Vikings stadium faces next high hurdle in House on Monday

  • Article by: MIKE KASZUBA , Star Tribune
  • Updated: April 16, 2012 - 7:00 AM

A voice vote in a key committee could let the bill live another day.

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A conceptual drawing of a new Vikings stadium in Minneapolis.

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The Vikings' proposal for a new publicly funded stadium will potentially face its toughest test yet when it goes before a third House panel on Monday evening.

The House Government Operations and Elections Committee could be an important test for the project because it is chaired by Rep. Joyce Peppin, R-Rogers, who has said she prefers a voter referendum on the stadium, which would almost certainly doom the $975 million proposal.

House Speaker Kurt Zellers, R-Maple Grove, has said that if the stadium can survive Peppin's committee, there's a good chance the proposal will get a vote by the entire House in coming weeks.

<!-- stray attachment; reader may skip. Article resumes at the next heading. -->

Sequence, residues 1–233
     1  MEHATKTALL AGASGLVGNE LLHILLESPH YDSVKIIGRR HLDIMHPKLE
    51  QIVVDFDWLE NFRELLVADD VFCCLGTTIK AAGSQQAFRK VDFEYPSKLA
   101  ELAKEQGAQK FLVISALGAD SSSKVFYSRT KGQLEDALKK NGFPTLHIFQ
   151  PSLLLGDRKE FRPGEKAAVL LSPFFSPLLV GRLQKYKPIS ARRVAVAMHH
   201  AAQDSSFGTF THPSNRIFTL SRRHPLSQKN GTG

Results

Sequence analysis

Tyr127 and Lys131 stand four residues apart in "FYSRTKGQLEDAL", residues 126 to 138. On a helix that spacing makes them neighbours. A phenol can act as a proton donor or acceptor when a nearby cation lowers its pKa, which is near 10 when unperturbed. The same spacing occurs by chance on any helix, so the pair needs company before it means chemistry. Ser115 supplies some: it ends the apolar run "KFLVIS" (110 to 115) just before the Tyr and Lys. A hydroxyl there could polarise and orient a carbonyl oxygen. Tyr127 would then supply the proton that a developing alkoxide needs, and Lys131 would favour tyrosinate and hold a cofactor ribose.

Rep. Morrie Lanning, R-Moorhead, the chief House author of stadium legislation, said on Friday that the stadium has "significant support" on the 15-member panel, which includes nine Republicans. But, he cautioned, "I would not hazard any kind of projection" on an outcome.

Lanning said that with the project likely to face stiff opposition, he was hoping for a strategy that would move the stadium ahead without a recorded vote, which might be more acceptable to reluctant legislators.

"The best we could hope for probably is a voice vote," said Lanning. He said a voice vote would allow the panel to avoid a definitive vote in order "to see this thing keep moving."

Lanning said, however, that he didn't know whether Peppin and the panel would agree to the maneuver.

The House Commerce and Regulatory Reform Committee, which heard the stadium plan two weeks ago, similarly passed the project on a voice vote.

With time ticking away before the Legislature adjourns in coming weeks, the Vikings stadium plan faces an uphill climb. Although the project has passed two House committees, it has yet to be approved by a single Senate panel. Gov. Mark Dayton is a strong supporter of the plan and has urged legislators to get it to his desk this session.

The nearly $1 billion stadium would be built with $427 million from the Vikings, $398 million from the state and $150 million from Minneapolis, where the project would be located. The team would also add $327 million for the stadium's operation, and the city would add $189 million.

Mike Kaszuba • 651-222-1673

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